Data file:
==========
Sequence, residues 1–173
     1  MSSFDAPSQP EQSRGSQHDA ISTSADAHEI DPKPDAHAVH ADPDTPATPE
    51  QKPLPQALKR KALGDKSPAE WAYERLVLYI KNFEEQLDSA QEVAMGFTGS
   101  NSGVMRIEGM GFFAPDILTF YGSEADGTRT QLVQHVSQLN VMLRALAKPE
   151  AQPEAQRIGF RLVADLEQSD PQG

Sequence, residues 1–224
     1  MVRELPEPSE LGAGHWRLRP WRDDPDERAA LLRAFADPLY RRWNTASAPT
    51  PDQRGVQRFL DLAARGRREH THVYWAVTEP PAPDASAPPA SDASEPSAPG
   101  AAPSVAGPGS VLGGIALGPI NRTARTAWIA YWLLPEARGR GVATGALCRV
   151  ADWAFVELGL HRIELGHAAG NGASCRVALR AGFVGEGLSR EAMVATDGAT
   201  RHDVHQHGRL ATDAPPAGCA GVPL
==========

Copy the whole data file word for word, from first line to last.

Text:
Sequence, residues 1–173
     1  MSSFDAPSQP EQSRGSQHDA ISTSADAHEI DPKPDAHAVH ADPDTPATPE
    51  QKPLPQALKR KALGDKSPAE WAYERLVLYI KNFEEQLDSA QEVAMGFTGS
   101  NSGVMRIEGM GFFAPDILTF YGSEADGTRT QLVQHVSQLN VMLRALAKPE
   151  AQPEAQRIGF RLVADLEQSD PQG

Sequence, residues 1–224
     1  MVRELPEPSE LGAGHWRLRP WRDDPDERAA LLRAFADPLY RRWNTASAPT
    51  PDQRGVQRFL DLAARGRREH THVYWAVTEP PAPDASAPPA SDASEPSAPG
   101  AAPSVAGPGS VLGGIALGPI NRTARTAWIA YWLLPEARGR GVATGALCRV
   151  ADWAFVELGL HRIELGHAAG NGASCRVALR AGFVGEGLSR EAMVATDGAT
   201  RHDVHQHGRL ATDAPPAGCA GVPL